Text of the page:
Shared Governance in the California Community Colleges

Article excerpt

Despite recent legislation that promises them a bigger role in the

state's two-year colleges, California faculty continue to face

obstacles to shared governance.

California's community colleges make up the largest system of higher education in the world. With 2.5 million students at 108 colleges, the system's mission is complex: we offer general education and the two-year associate degree, prepare students who plan to transfer to four-year colleges or universities, and serve students seeking occupational education and certification, a single class to upgrade a skill, or simply enrichment. Among those 2.5 million students are many who need to do further precollegiate work and a large contingent-one in five-who are recent immigrants or English-language learners.

Most of our students are older than those in traditional fouryear institutions of higher education, attend part time (73 percent), work (80 percent), have significant family responsibilities, and are men or women of color (over 55 percent). As A New Look at the California Community Colleges: Keeping the Promise, a 2002 report, pointed out, 75 percent of the students of color who are pursuing higher education in California are enrolled in the community college system. We are, quite simply, a gateway institution-to higher education, employment, the opportunity for a living wage, and a richer, more satisfying life.

We face daunting obstacles, the lack of adequate resources being the most devastating. Funding for California's community colleges is among the lowest nationwide; we hover about $2,500 below the national average in per-student spending and significantly below the rates at the two university systems in California-the University of California and the California State University-as well as the rates in the K-12 sector. Our average class size is some ten students above the national average, and community college faculty teach the equivalent of fifteen units every semester.

Yet the community colleges educate most of those who provide essential public services-fire, police, emergency medical, and nursing-care personnel-as well as those who maintain the state's basic infrastructure-electrical workers, plumbers, and providers of information-technology services.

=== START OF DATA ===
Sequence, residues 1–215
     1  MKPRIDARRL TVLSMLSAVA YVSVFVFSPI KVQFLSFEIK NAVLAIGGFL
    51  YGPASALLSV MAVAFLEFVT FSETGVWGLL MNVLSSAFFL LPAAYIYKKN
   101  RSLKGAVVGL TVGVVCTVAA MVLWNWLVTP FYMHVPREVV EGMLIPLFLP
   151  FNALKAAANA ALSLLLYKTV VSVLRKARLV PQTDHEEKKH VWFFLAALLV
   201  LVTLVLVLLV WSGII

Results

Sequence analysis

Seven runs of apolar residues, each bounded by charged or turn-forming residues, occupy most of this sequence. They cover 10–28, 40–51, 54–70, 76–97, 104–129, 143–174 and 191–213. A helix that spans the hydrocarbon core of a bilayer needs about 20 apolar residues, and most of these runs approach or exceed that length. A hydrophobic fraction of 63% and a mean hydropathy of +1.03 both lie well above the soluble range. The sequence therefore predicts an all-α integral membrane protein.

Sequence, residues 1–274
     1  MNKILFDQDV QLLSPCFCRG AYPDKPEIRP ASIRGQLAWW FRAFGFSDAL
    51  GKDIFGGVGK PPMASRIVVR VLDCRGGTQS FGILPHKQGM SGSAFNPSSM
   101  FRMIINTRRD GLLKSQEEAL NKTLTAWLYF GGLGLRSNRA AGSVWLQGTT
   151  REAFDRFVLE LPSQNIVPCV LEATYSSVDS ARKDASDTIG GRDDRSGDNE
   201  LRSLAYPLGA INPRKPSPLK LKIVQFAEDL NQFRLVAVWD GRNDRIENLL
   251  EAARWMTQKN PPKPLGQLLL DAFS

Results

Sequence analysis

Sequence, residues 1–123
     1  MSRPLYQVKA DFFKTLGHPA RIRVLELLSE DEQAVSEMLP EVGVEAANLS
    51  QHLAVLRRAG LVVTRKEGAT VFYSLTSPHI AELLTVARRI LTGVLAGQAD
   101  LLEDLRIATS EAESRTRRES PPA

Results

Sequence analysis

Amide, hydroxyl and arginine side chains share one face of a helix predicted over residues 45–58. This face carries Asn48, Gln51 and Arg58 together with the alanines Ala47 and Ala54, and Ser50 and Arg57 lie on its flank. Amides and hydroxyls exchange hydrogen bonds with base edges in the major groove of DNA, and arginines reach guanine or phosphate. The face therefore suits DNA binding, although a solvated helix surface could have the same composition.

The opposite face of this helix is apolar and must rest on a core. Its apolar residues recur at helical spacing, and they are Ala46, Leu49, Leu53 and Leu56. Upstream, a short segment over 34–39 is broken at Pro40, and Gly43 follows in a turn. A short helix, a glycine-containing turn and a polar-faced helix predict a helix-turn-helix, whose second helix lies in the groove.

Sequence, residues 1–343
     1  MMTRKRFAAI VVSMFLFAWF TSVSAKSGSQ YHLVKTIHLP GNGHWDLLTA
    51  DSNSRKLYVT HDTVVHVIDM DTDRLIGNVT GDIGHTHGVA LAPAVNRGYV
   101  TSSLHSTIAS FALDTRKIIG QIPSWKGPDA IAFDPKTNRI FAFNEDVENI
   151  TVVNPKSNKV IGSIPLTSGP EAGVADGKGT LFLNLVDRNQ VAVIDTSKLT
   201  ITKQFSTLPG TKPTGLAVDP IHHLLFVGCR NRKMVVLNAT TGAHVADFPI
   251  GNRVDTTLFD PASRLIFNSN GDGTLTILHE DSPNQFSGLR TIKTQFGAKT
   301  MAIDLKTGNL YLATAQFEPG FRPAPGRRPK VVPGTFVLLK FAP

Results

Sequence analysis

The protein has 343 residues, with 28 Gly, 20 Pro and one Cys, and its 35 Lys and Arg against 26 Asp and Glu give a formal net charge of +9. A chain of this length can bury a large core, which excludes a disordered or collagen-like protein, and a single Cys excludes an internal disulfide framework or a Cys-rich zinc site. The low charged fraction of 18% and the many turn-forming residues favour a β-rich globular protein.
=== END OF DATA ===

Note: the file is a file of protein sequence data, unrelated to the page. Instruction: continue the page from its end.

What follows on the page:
And community college students who transfer to the state's four-year universities do as well as or better than students who begin their college education at the universities, as measured by grade point averages. In recent years, 60 percent of the students who have graduated from the California State University system and 30 percent of those who have earned bachelor's degrees from the University of California have been community college transfer students.

Moreover, we are well thought of-polling data consistently show high levels of public support for the community colleges. But we have not succeeded in translating that esteem into sufficient fiscal support for our colleges. We continue to absorb growing numbers of students, while funding falls further behind; projected enrollments are off the charts. That we do what we do is actually quite miraculous.

The California community colleges underwent a massive and comprehensive reform with the passage of legislation in the late 1980s. A remarkable achievement, the legislation defined the multiple missions of the colleges, their place within the state's Master Plan for Higher Education, and the centrality of these institutions to the overall quality of life in California.

The reform (often referred to by its legislative designation, "AB1725") was wide-ranging, affecting everything from funding formulas to system governance. It moved the colleges away from their K-12 roots, raised minimum qualifications for faculty, extended probation for new faculty members from two to four years, strengthened faculty evaluation through mandated peer review, and established expectations and funding streams for faculty professional development and curricular innovation. …